One of the many projects we had the opportunity to partake of kicked off last weekend as Morgan, Helen and I headed to Tulsa on Friday afternoon. Our destination the next morning was the Cherry Street Farmers' Market, one of the largest farmers markets in Oklahoma.
The Noble Research Institute has many different agricultural disciplines represented by their consultants' specialties. One that may not be as common, but one I find especially interesting, is horticulture. Early in our time here, Steve Upson, a soils and crops consultant who specializes in horticultural crops, offered a project to me and the other scholars that tied together my major, agricultural business, and an interest of mine, horticulture.
The project was a farmers market survey in which we would travel to several nearby markets and take notes on what was being sold, how much it was being sold for and the difference that an organically grown label had on the price. Upson was especially interested in the prices so he could give producers a range of prices they may be able to charge when selling their produce at a local market. When I heard this, I immediately volunteered, because not only would I get to tie together my area of study and my interests, but I'd also be able to buy fresh vegetables, and, of course, get tons of free samples.
When we arrived in Tulsa Friday evening, we checked into our hotel and then went for a stroll around downtown Tulsa. I'd been to Tulsa quite a few times, but I'd never been to the downtown area. Even though I'm a native Oklahoman, my time here at Noble has exposed me to parts of my state I'd never seen before. We had a great time looking at the neat buildings and walking through a few parks, but we were a little worn out from our packed week of projects and farm visits, so we settled in early.
The next morning was an early one as we attempted to beat the heat and the large, dedicated crowd that shows up every Saturday. Our first order of business upon arrival at the market was to grab a cup of coffee and walk the length of it to see what was being sold and try to recognize who the most successful vendors were. One vendor that seemed to be very successful was Three Springs Farm, a certified organic vendor selling a wide variety of colorful vegetables. One thing that stuck out to me was that they knew many of their clients by name, an important detail which, coupled with their outstanding looking produce, brought back regular buyers every weekend. After chatting a bit about their methods of growing and the plants they had available, we let them get back to work, as the crowd was beginning to pick up.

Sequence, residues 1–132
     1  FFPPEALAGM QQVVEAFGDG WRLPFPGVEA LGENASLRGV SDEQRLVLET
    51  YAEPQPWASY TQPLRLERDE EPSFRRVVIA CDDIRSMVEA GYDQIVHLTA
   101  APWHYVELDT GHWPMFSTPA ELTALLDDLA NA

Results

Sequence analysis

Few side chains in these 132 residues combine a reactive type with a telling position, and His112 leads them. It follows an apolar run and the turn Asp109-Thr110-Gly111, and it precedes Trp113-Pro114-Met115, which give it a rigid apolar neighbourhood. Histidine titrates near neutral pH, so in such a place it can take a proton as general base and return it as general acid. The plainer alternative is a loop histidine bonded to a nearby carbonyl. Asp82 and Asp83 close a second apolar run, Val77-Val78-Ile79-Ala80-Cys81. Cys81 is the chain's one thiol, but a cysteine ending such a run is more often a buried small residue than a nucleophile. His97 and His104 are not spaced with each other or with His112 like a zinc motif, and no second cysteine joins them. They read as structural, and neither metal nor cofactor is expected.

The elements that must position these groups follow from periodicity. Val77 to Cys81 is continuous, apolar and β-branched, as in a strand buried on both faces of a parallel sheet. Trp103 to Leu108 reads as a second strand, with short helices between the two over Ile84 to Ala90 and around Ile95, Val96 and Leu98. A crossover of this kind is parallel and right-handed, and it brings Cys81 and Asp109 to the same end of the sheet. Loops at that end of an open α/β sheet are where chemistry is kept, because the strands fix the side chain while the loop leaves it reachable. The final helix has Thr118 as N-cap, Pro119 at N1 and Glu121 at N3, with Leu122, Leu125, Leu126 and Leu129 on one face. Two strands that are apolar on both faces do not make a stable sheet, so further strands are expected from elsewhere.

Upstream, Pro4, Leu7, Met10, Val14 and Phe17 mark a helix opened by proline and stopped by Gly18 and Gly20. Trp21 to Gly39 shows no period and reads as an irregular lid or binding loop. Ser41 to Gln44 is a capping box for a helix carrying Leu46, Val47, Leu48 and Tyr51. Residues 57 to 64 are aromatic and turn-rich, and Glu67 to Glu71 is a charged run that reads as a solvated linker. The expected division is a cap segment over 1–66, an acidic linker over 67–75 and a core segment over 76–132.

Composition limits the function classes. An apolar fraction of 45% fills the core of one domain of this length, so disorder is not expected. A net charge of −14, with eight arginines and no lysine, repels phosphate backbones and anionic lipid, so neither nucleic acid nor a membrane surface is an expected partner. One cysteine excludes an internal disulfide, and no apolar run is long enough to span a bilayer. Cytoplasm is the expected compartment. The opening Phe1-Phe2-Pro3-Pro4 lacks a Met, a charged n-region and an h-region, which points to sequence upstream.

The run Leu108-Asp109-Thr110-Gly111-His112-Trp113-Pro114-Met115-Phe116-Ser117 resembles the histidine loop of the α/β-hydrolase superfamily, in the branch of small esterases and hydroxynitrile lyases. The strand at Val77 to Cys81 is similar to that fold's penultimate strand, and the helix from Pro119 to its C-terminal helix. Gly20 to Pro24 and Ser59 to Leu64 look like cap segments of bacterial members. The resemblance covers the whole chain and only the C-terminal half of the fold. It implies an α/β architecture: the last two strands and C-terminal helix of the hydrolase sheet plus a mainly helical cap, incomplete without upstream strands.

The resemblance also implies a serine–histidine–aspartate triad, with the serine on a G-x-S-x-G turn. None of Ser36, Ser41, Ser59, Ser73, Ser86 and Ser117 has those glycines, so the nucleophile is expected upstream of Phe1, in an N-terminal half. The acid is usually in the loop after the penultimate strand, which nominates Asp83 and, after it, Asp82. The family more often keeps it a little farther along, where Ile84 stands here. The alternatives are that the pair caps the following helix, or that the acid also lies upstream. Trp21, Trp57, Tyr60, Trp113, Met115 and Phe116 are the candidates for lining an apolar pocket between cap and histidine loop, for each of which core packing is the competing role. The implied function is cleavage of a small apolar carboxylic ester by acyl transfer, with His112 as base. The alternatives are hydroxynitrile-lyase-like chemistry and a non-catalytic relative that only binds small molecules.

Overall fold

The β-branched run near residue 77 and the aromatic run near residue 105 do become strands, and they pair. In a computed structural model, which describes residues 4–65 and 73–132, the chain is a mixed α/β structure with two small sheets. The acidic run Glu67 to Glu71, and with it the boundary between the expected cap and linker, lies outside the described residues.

As we walked the length of the market, we sampled fresh gazpacho and some locally made cheese, and I bought one of the best breakfast tacos I have ever had. Of course, we also did a little bit of work by taking notes on prices and what was being sold. We will compare the data we took at Cherry Street with the data we will be gathering on our visits to other local farmers markets. Currently, our plans include a trip to the market in Oklahoma City and to one or two in Fort Worth.
I am more than ready for our next trip, though I don't know how the other markets will be able to beat Cherry Street. If you're ever spending a weekend in Tulsa, start your Saturday morning off right at the Cherry Street Farmers' Market, and make sure to get a breakfast taco.
Conner Carroll is a 2014 Lloyd Noble Scholar in Agriculture from Perkins, Oklahoma. Conner is a junior at Oklahoma State University majoring in ag business with a pre-law option.